I was awake before the alarm went off and into my running gear in no time. This was my wife's first Chicago Marathon, and her nerves were in high gear. I gave her some tips on what to expect and where the tricky parts of the course were and then headed off to Wave 1 start. Security seemed to be tighter than last year causing me to almost miss my corral. I was expecting the best from this race, but I knew it was going to be tough going. My training for this race had taken a severe wrong turn with an ankle injury, with my only long run being 18 miles the week before the race. In addition, the weather watch was yellow, meaning it was going to be warm. Knowing that, I just enjoyed myself and decided to take it easy.
The course was the same as years past. Leaving Grant Park, we headed north, then west, then south and then back north out towards the wonderful Chicago neighborhoods. Somewhere around Mile 7, I zoned out a little too much and tripped, catching myself but not before ripping back my big toenail. So, at least that was something to take my mind off the miles.
Now, I could give you all a mile by mile recap, but you don't want that. Rather, I will say, this course is unbelievable. Every square inch of it is littered with spectators, rows deep, most with orange slices, bananas, candy and even beer. Seriously, Midwestern hospitality is the best.
I was feeling great until Mile 23 when my body just shut down out of nowhere, and as I turned onto Michigan Avenue for that final 5k, it was a battle. I know it was purely from lack of training as my legs just didn't have anything left in them, so I walked for about a minute and then tried my best to marathon shuffle to the finish in a somewhat respectable time.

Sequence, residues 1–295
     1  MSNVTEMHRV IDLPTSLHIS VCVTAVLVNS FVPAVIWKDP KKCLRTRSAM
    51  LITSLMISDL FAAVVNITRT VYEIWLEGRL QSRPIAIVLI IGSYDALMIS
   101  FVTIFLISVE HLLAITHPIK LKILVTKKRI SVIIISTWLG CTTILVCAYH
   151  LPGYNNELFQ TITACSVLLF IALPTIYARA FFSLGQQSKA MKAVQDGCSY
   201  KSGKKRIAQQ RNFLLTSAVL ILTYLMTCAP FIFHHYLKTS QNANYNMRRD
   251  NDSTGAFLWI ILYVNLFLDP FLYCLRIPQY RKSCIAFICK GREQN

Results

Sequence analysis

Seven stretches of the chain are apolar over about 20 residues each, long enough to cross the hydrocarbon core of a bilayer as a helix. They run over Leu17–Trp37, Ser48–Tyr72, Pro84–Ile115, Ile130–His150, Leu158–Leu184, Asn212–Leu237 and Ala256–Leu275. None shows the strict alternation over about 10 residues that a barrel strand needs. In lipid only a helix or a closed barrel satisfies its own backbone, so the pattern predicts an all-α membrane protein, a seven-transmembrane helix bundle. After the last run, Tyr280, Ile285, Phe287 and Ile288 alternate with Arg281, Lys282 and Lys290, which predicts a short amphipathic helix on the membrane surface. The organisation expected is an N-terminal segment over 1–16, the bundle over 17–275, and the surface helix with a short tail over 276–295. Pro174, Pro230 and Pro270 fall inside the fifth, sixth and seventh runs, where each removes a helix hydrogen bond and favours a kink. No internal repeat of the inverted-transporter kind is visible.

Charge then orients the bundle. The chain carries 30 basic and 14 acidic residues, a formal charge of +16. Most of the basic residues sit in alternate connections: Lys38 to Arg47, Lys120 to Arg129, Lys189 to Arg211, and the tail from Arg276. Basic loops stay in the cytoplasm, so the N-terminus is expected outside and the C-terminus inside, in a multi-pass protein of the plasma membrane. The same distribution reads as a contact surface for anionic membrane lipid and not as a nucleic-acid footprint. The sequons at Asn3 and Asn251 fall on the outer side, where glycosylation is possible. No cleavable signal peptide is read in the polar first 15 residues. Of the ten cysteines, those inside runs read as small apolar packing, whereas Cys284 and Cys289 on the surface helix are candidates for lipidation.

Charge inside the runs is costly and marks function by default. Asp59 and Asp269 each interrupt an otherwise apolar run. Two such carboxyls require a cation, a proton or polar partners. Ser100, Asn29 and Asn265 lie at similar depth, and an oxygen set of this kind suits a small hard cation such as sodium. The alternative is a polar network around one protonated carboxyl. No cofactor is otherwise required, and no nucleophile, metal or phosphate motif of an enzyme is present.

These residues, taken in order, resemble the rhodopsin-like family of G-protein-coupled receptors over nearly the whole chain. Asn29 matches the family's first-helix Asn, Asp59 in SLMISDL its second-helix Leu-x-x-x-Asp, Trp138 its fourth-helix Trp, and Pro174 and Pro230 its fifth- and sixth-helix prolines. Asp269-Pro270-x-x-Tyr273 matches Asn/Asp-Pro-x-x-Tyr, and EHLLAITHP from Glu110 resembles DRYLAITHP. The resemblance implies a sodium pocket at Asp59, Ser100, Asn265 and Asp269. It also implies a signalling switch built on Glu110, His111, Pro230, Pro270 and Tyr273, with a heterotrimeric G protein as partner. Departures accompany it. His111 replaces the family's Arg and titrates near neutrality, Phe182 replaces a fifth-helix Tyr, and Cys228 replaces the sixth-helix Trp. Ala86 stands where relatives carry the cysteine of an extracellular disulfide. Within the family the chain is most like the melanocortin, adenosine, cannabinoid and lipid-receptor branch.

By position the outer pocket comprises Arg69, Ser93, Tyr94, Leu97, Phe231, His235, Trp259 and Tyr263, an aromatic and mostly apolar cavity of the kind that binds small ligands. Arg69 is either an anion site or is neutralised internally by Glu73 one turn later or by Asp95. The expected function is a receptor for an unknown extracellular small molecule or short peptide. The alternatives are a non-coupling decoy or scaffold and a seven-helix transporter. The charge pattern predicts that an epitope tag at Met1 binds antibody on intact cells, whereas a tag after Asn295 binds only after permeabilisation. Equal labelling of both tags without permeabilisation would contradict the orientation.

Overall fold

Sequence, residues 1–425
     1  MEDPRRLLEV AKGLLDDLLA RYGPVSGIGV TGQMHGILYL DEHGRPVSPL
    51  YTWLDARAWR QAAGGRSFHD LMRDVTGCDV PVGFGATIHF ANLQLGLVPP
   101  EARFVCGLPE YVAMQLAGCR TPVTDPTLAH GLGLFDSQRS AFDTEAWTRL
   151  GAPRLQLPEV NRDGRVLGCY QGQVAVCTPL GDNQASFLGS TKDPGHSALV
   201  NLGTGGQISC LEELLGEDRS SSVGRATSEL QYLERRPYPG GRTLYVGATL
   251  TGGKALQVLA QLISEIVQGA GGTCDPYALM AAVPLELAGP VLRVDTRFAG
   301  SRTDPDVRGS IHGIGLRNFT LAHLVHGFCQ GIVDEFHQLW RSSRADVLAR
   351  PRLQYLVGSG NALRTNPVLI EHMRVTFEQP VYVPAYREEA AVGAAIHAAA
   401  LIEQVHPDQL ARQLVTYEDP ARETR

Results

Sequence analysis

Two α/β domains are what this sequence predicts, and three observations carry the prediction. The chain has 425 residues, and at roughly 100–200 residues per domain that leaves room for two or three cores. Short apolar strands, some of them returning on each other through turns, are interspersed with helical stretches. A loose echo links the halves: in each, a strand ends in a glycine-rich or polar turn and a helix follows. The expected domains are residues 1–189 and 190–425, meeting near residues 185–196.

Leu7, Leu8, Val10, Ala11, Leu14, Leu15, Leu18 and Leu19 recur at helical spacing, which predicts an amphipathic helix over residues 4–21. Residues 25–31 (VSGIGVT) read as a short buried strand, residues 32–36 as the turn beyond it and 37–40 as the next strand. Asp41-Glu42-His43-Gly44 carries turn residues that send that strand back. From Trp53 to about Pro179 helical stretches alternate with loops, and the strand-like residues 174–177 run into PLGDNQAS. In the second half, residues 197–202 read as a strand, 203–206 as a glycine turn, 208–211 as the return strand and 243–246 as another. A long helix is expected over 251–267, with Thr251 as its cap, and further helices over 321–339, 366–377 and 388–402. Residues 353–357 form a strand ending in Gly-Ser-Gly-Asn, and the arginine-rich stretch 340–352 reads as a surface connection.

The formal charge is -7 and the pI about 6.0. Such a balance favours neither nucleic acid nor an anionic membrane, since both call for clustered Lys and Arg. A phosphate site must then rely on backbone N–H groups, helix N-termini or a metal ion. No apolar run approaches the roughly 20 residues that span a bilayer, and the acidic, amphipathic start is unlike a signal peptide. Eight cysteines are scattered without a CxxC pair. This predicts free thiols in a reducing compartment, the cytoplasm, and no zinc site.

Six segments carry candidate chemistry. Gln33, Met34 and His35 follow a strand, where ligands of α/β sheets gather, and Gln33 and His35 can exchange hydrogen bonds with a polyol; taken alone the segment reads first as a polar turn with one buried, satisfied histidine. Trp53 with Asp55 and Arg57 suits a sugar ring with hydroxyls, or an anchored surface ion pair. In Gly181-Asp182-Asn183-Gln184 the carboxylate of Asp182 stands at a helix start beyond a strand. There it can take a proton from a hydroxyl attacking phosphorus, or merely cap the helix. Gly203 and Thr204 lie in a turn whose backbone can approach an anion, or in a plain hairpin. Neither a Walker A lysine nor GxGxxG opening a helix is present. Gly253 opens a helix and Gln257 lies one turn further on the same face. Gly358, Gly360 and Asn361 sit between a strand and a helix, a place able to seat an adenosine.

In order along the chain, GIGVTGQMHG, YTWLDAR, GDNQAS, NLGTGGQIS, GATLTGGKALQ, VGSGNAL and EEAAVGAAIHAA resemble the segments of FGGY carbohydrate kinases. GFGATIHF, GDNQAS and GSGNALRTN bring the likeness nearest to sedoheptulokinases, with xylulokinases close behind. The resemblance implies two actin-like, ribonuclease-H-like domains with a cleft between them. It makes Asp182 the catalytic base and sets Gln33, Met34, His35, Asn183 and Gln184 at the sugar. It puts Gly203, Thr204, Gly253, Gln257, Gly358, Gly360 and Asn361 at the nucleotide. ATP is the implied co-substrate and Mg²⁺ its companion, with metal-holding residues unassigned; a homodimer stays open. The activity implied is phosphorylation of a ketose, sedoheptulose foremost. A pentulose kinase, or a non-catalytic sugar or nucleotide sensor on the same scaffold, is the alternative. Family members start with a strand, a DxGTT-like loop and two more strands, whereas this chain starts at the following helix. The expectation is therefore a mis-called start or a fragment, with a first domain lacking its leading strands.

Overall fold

After finishing, I waited for Devin to finish. She looked great and really enjoyed the race. I'm glad I could finally share that with her.
Later, we met up at Rockit with a dear friend, Cyanne, who's happiness is infectious. She also ran her first Chicago, so we celebrated the only way we know how, with champagne. It was great to catch up with her, since we only really talk via social media. She's great guys, you should all meet her.
The night came to a close with my staring out the window onto the gorgeous city. The lights from the high rises gave off the impression of a smile on the side of the buildings, as the people murmured and went about their nights. The following morning came too fast and back we flew east, until the metal behemoths and blue lake water were out of sight.
As you may have guessed, this post wasn't so much about the race. Rather, it was about the city. A wondrous place full of diversity, great food and even greater people. Truthfully, it's not perfect and like everywhere has its share of flaws. But, for the most part, it's a city full of pride and a host to those who choose to experience its treasures. I hope you all get a chance to experience it.